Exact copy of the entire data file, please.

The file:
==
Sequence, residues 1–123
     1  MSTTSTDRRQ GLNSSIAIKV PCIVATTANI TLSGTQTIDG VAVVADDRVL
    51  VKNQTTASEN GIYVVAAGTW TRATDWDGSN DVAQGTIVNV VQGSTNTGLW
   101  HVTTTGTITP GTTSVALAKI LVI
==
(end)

Sequence, residues 1–123
     1  MSTTSTDRRQ GLNSSIAIKV PCIVATTANI TLSGTQTIDG VAVVADDRVL
    51  VKNQTTASEN GIYVVAAGTW TRATDWDGSN DVAQGTIVNV VQGSTNTGLW
   101  HVTTTGTITP GTTSVALAKI LVI